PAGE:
Colonial Discourse and the Suffering of Indian American Children Book Cover.webp

In this book, we analyze the psycho-social consequences faced by Indian American children after exposure to the school textbook discourse on Hinduism and ancient India. We demonstrate that there is an intimate connection—an almost exact correspondence—between James Mill’s colonial-racist discourse (Mill was the head of the British East India Company) and the current school textbook discourse. This racist discourse, camouflaged under the cover of political correctness, produces the same psychological impacts on Indian American children that racism typically causes: shame, inferiority, embarrassment, identity confusion, assimilation, and a phenomenon akin to racelessness, where children dissociate from the traditions and culture of their ancestors.

This book is the result of four years of rigorous research and academic peer-review, reflecting our ongoing commitment at Hindupedia to challenge the representation of Hindu Dharma within academia.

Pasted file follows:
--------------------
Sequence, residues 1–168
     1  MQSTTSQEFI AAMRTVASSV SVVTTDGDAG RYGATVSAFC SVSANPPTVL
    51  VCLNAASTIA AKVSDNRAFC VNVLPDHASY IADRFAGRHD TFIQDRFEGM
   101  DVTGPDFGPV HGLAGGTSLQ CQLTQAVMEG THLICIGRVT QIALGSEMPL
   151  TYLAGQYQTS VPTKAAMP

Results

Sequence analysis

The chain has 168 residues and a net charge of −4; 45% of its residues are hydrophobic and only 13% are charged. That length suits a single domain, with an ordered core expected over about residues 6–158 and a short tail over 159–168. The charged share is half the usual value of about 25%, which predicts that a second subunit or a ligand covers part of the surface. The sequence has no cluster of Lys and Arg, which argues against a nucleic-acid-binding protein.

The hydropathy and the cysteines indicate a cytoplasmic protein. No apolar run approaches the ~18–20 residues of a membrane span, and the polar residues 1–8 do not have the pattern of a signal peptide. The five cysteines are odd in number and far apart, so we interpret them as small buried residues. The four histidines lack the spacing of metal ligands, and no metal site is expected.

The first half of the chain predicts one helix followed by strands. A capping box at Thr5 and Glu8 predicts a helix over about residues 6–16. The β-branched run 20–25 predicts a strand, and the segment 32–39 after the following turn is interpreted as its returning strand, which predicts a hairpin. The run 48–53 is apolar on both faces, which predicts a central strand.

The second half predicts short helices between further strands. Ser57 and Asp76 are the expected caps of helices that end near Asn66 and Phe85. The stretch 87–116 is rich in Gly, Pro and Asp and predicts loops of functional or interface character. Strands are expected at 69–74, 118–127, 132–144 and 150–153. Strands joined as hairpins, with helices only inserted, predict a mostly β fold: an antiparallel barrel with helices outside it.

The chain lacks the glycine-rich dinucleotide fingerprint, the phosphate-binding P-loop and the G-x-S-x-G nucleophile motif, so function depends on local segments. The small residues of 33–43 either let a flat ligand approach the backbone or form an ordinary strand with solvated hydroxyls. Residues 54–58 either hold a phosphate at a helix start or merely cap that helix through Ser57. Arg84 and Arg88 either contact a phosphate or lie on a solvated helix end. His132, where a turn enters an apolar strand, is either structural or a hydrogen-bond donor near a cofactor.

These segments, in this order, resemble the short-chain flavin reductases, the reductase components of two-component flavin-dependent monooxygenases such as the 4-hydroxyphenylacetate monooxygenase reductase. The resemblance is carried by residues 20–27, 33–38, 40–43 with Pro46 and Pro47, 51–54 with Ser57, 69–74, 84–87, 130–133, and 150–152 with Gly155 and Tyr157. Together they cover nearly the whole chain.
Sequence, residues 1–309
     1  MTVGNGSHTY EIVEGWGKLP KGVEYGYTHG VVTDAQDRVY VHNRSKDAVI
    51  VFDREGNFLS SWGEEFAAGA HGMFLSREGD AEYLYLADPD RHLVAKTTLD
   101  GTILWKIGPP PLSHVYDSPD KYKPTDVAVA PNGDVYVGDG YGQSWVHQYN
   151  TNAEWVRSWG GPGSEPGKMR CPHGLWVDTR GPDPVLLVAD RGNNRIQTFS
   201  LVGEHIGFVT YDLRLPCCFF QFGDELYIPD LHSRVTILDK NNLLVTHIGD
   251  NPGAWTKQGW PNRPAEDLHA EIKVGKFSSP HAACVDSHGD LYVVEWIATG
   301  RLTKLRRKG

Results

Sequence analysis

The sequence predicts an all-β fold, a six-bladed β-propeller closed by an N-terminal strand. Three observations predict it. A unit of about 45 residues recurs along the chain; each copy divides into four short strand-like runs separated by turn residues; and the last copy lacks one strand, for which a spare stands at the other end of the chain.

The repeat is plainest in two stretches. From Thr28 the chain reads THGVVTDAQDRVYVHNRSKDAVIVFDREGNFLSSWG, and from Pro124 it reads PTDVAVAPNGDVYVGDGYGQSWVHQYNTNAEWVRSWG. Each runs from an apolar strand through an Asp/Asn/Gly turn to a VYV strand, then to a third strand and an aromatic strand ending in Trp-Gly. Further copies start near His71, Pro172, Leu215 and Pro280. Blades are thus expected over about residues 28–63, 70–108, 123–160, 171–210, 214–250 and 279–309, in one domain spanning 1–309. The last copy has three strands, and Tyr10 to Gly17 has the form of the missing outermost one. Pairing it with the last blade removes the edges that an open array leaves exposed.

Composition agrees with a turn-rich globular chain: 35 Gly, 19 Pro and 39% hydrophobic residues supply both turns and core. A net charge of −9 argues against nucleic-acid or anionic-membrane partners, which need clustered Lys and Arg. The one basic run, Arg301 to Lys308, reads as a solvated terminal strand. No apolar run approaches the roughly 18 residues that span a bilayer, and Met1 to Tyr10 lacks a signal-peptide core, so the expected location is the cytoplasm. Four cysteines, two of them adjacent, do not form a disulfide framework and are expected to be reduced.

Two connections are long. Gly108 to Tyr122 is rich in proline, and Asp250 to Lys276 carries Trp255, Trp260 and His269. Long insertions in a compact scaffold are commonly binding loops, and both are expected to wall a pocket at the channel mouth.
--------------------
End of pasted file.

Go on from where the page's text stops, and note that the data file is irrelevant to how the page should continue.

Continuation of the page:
From Hindupedia, the Hindu Encyclopedia

By Swami Harshananda

Anuvyavasaya literally means ‘after-cognition’.

Philosophical systems, called darśanas, have analyzed the phenomenon of knowledge in all its aspects. Out of the several pramāṇas or means of knowledge, pratyakṣa or direct perception is universally accepted and placed as the first in the series.

When a pot is seen by the eyes and the knowledge ‘This is a pot’ arises in the mind, such a knowledge is called vyavasāya or determinate cognition.

However, this is immediately followed by another knowledge ‘I know this pot’ thus relating the earlier knowledge to the self. Since this vyavasāya or cognition rises after the first, it is termed ‘anuvyavasāya’ (anu = after). This is a later doctrine developed by the Nyāya school.


  • The Concise Encyclopedia of Hinduism, Swami Harshananda, Ram Krishna Math, Bangalore